Learn something new every day
More Info... by email
The best tips for worldwide travel are to obtain a passport, get travel insurance for emergencies and learn to respect local laws and culture. Passports are important documents that most people cannot travel without, and they should be kept close and secure at all times. Travel insurance is an extra expense that might end up being unnecessary, but like car insurance and health insurance, it is better to be safe than sorry. In addition, worldwide travel introduces people to new and sometimes seemingly odd laws and cultural traditions that should be respected.
Worldwide travel requires having a passport each time a person exits a country. People who travel frequently should consider ordering a passport with more pages than standard. Either way, however, a traveler should apply for a passport as soon as possible. Depending on how backed up the passport office is, it might take several weeks for a passport to be processed, created and sent to the traveler. If a traveler waits to get a passport at the last minute, he or she might have to pay significant fees to expedite the process.
All travelers should have some form of travel insurance. This kind of insurance can reduce the costs associated with canceled flights or emergency evacuations. More importantly, travel insurance usually provides travelers with medical coverage and might even cover the costs associated with transporting the injured person to his or her home country. Like other types of insurance, better plans usually cost more than plans that cover only the basics. Overall, though, travel insurance is relatively inexpensive, especially compared with what a traveler would normally pay for such emergencies.
Obeying local laws and respecting authorities is an important part of worldwide travel. Some regions of the world ban smoking tobacco in most public places, for example, but other places do not care if travelers smoke tobacco, marijuana or other substances. In addition, it might be illegal, rude, or dangerous to wear certain types of clothing. For example, wearing shorts and a sleeveless top is normal in many places, but some countries frown upon baring that much skin — especially by women — no matter how hot it is outside.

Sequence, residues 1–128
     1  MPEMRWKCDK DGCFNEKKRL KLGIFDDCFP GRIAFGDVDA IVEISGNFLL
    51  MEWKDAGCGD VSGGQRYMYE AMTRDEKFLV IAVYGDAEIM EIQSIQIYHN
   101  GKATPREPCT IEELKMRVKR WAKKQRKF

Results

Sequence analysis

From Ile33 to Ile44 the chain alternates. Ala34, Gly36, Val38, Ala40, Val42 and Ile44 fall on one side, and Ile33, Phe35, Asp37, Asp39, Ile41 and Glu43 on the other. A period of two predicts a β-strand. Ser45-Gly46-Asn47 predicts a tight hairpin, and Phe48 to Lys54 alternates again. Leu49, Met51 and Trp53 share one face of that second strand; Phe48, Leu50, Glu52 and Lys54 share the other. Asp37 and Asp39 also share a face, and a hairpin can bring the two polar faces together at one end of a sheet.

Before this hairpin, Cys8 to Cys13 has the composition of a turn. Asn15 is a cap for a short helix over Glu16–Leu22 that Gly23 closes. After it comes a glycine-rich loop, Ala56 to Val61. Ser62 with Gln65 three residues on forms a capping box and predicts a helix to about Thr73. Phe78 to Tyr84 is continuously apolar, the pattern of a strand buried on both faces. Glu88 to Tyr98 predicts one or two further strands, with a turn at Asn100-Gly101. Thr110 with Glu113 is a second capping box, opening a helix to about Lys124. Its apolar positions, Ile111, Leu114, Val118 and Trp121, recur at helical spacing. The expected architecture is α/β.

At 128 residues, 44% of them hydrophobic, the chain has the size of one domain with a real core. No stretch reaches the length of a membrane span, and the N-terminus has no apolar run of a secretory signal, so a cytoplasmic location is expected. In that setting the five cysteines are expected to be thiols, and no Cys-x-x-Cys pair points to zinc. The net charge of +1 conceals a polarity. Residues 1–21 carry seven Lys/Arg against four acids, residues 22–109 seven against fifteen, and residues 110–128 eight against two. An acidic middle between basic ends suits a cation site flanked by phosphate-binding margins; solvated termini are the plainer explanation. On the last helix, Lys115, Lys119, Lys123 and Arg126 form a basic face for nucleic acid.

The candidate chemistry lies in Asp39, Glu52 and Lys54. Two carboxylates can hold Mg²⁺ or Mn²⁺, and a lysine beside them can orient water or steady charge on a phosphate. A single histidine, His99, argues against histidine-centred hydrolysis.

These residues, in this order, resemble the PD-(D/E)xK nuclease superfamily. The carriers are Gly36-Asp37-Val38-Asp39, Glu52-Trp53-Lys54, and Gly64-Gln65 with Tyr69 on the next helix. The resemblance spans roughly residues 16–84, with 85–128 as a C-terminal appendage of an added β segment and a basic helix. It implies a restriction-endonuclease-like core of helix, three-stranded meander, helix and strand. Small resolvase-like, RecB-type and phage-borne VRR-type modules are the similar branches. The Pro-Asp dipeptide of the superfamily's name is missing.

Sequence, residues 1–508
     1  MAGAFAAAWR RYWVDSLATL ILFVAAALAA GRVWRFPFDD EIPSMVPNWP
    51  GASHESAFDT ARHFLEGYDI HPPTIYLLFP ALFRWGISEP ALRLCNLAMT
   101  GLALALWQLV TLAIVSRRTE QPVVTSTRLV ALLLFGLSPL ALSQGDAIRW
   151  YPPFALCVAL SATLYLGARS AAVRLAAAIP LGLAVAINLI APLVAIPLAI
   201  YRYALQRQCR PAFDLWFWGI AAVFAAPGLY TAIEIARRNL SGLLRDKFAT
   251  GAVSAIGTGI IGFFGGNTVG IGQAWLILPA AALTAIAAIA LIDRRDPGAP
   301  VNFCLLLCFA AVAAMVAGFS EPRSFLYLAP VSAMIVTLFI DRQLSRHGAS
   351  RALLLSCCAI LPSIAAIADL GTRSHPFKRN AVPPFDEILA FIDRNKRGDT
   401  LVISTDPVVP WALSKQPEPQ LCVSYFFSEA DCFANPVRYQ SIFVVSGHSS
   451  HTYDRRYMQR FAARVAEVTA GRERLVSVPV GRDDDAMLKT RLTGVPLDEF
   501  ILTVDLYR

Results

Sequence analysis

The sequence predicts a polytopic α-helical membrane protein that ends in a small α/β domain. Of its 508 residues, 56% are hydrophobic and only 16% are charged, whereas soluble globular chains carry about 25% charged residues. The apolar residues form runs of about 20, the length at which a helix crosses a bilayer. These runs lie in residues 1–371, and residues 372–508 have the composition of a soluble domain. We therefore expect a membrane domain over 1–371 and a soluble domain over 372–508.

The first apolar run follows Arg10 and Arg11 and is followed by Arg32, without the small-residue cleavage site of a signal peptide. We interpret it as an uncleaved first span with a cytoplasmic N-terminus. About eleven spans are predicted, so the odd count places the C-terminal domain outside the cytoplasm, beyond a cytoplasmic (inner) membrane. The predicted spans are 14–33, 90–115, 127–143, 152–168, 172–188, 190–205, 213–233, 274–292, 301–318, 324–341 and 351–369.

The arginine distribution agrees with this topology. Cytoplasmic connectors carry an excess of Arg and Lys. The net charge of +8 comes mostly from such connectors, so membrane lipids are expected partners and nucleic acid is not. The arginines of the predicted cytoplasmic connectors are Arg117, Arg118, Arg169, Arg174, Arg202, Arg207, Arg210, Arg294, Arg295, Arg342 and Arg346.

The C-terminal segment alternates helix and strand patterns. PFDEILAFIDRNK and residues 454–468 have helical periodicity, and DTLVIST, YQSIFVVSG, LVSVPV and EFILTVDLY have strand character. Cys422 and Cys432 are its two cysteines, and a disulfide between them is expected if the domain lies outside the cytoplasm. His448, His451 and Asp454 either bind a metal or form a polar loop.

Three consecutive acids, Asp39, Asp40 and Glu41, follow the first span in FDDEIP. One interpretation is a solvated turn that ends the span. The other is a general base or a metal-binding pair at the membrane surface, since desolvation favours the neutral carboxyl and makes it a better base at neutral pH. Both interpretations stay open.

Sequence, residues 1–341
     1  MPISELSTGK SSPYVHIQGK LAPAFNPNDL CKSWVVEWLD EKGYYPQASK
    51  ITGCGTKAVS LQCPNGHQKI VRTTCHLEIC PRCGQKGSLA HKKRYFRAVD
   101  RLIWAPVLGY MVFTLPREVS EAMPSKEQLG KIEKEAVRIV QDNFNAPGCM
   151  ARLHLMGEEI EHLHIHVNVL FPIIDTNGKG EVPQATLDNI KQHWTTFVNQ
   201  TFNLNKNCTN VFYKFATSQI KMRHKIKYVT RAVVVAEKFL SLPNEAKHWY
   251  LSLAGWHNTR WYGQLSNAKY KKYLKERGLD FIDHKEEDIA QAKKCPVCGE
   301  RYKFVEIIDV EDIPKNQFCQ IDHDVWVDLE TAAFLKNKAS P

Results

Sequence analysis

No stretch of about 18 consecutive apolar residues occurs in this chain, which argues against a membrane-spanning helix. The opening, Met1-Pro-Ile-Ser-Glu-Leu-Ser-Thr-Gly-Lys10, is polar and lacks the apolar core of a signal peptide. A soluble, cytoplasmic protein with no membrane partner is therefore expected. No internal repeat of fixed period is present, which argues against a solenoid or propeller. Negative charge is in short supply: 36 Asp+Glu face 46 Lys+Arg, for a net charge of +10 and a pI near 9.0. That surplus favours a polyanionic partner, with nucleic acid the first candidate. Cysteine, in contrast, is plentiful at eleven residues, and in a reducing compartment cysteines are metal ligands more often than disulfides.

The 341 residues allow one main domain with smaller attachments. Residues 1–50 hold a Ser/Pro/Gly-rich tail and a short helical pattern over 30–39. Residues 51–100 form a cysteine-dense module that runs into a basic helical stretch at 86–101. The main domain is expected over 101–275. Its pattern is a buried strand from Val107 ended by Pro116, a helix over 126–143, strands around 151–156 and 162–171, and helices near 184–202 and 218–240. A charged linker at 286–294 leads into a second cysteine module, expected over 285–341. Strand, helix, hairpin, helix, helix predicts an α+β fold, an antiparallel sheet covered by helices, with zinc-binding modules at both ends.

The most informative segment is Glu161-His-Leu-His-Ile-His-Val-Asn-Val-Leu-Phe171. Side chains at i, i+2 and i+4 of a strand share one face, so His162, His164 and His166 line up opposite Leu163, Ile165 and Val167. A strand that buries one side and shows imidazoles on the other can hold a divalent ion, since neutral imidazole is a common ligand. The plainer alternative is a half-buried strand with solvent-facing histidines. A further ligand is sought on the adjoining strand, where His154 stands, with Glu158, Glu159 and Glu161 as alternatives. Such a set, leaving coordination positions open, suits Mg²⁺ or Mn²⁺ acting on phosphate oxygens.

Lastly, part of being safe during worldwide travel is knowing who to contact during emergencies. Many countries have standard phone numbers to dial for medical help or law enforcement officials. In addition, it sometimes is necessary to contact government officials from the traveler’s home country, so that number also should be kept on hand.
@pastanaga - I was recently in Tonga and the manager of the resort we were staying in told us that he always had trouble with the Europeans about this sort of thing.
The Togans were quite conservative, but they didn't mind people wearing swim suits as long as they stayed in the resort area. Private land, do what you like essentially.
But there are so many nude beaches in Europe, that many of the people will just strip down entirely and go wandering around the island. He said that while the islanders were generally cheerful about swimsuits, they were completely shocked whenever they saw people completely naked in the water!
I agree that one of the best tips when you are traveling to a new culture is to read up on what is acceptable and what isn't. You never know what the differences are going to be.
I agree with the author when they say to respect local customs.
When I was living in West Africa one of the biggest mistakes I saw tourists making was to wear shorts when they were walking around.
Not only is this considered really disrespectful in most areas, it was also kind of dangerous. Even with sunblock the desert sun is going to damage any skin that you leave open to it. You're much better off dressing to the conditions, which means loose, light long trousers.
They just didn't realize that the locals saw bare thighs the same way they would see bare breasts. It's one thing to see someone with bare breasts while wandering around West Africa, it's another to
see them while wandering around your home country. And the same thing with bare thighs. You might be able to get away with it in your own country, but doing it where it's got a different meaning is a bad idea.
It's just something to respect in the culture.
Getting the best kind of travel insurance you can is the most important thing you can do to prepare for your trip in my opinion.
Especially health insurance. You have no idea how expensive it can be to break a leg or get a chest infection in a foreign country. Even the locals won't really know, because the chances are they don't have to pay because their government does, or because they all have health insurance themselves.
I just don't think it's ever worth the risk. I always get travel insurance, just in case.
That way I can relax and not worry about the entire trip being ruined by a single late plane, or an unruly horse.